Website accessibility has been around long enough for everyone to know what it is… But it has also been around long enough for a lot of unhelpful myths to emerge about accessibility.
So today we’re doing some myth-busting. Here are the 4 most common myths we hear.
Myth #1: Accessibility is expensive (and hard)
This is the most common myth we hear. But let’s dig into this a little bit.
First, what makes it expensive?
The cost of redeveloping a website or building a new app is relatively fixed. Making it compliant or non-compliant might impact the final outcome, but it won’t change how much time/effort it takes to get there.
Second, existing websites.
The same logic applies for rebuilding an existing website, so if it’s in-plan there’s no price difference.
But let’s say it’s not in-plan. Even if you have to rebuild your site when it’s not planned to make it compliant, it doesn’t have to be an expensive fix.
Some simple redesign work, coupled with some back-end changes to make more content available in more formats can get you a lot of ways there.
And this work can overwhelmingly be completed quickly and easily.
Myth #2: Accessibility is the responsibility of the web developers
This myth boils down to this: accessibility is solely the responsibility of the web developers. Designers, content producers, and business stakeholders don’t have to worry about accessibility.
After all, it’s just the code, right?
Website accessibility touches everyone associated with the website. It informs everything from what content is presented, how it’s presented, and the very structure of a site.
Accessible websites need to meet minimum contrast requirements (graphic design)
Accessible websites need to be designed with alternative users in mind (UX design)
Accessible content needs to be repurposed quickly and easily to other formats (content)
Clearly, it’s not just up to web development to push through accessible web design.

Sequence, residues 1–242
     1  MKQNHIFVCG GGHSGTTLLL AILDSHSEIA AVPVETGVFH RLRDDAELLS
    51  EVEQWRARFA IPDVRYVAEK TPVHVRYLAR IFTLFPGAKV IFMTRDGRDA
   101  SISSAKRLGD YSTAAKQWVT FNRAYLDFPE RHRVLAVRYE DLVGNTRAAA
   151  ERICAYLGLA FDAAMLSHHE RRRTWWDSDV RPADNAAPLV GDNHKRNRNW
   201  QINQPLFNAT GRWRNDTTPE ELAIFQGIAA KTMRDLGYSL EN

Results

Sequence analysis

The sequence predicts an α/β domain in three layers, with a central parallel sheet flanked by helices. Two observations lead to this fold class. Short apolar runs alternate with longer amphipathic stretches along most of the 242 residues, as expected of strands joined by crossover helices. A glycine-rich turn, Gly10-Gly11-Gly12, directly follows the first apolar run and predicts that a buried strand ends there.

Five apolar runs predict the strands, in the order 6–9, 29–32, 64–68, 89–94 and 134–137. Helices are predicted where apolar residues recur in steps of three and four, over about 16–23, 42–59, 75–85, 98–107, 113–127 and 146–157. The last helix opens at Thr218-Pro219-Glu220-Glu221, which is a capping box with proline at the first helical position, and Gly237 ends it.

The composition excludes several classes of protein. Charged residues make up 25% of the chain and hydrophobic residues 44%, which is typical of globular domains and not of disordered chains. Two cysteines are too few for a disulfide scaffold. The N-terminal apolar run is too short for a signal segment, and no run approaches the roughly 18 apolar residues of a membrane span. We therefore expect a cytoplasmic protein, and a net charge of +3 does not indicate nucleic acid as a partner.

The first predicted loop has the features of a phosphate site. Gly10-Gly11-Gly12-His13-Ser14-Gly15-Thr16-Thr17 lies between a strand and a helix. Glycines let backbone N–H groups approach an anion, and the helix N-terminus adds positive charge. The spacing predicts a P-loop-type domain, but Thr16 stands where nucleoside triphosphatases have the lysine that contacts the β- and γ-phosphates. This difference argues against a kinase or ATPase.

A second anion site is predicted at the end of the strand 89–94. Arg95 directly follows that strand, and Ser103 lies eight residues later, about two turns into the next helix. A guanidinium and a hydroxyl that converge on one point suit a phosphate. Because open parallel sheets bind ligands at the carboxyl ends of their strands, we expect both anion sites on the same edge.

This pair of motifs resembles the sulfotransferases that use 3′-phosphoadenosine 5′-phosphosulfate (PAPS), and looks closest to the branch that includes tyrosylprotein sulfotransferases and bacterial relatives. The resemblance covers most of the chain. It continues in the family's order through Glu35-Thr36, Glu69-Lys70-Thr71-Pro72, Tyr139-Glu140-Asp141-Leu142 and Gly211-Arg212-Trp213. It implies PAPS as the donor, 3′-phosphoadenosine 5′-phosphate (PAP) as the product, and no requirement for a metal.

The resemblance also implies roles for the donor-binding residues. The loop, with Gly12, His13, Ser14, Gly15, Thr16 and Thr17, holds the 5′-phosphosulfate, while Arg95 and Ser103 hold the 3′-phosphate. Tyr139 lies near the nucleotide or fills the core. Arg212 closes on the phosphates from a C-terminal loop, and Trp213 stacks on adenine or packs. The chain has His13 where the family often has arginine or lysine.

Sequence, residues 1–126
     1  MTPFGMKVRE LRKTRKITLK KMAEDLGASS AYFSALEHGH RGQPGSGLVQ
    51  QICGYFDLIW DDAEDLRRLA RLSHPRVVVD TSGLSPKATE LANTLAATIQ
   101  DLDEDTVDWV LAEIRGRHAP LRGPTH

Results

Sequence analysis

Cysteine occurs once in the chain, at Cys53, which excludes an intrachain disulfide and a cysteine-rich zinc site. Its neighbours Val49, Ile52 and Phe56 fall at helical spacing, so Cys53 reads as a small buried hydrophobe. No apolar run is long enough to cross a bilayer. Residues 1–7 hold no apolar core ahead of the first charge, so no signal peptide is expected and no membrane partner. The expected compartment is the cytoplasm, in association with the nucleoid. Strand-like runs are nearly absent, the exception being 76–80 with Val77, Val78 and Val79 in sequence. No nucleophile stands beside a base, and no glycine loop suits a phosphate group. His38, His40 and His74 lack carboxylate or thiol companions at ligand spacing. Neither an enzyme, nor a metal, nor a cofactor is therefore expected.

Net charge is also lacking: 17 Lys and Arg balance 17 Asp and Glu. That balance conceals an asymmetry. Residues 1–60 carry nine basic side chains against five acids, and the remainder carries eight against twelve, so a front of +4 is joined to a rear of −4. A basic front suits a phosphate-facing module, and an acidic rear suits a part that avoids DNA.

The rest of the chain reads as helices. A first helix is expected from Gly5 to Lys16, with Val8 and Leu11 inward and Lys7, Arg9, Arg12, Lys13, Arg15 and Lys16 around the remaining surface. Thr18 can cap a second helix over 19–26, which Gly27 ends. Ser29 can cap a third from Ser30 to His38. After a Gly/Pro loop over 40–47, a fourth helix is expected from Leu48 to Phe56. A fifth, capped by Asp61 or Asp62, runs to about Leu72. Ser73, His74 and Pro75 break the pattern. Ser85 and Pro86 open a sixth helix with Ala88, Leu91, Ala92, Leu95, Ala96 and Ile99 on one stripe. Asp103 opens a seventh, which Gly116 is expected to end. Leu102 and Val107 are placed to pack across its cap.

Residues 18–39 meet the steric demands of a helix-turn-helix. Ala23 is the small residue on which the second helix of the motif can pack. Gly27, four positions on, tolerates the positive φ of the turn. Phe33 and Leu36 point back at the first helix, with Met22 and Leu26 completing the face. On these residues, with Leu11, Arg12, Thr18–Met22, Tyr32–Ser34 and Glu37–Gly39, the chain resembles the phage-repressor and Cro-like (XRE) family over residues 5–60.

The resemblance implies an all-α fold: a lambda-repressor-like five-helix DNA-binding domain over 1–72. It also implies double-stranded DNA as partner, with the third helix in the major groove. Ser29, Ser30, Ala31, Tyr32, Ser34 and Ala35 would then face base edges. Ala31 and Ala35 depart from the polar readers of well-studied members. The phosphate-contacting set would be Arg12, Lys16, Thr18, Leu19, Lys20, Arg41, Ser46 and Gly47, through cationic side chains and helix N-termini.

Myth #3: It makes websites boring
The myth here is that accessible-compliant websites are unable to take advantage of modern web design techniques.
But in reality, this isn’t as big a problem as you might think.
First, a lot of fancy web design is often an excuse to hide poor or under-performing content, that isn’t focused on delivering value, but rather is focused on using the latest tools.
Second, accessibility compliance requirements generally force you to ask:
“Do we really need this?”
A question we think more web designers/developers should be asking themselves.
And finally, you can create an accessible website that lets you use all the wonderful tools available to you with ease.
The things that compliance requirements generally focus on are things like:
Websites that are easy to navigate
Websites and apps that are easy to see
Multiple user paths to the same location
Multiple formats for the same content.
… all of which every website or app should have anyways, regardless of design.
Myth #4: You can just use evaluation tools to get it right
The last myth we wanted to talk about was the one around free evaluation tools. There are a lot of tools that can help you evaluate your website/app for compliance requirements. And it’s easy to conclude that those tools are all you need. But that’s not true. While the evaluation tools are a great start, they’re hardly the whole picture.
Generally speaking, they focus on telling you what’s wrong with your digital assets and give you no information on how to fix it. What’s more, it’s unlikely the tool will actually catch everything for every detail needed for an accessible site.
Finally, tools are great for enforcing the technical requirements for accessibility. But accessibility is about so much more than just technical requirements. UX, content, and design all play a role to target this enormous user group, and no box-ticking software is going to get you there.
The solution is to get an accessibility expert, who can give meaningful, concrete tips and examples to help you reach your compliance goals, rather than an arbitrary “accessibility score.”
We see a lot of myths circulating when it comes to accessibility design. Cost, design construction, ownership, and the role tools and calculators play are what we see most often, but there’s a host of others.
That’s why our #1 recommendation is to talk to an expert. They’ll help you cut through the noise (and there is a LOT of noise these days) to identify what you need to do to reach your accessibility goals.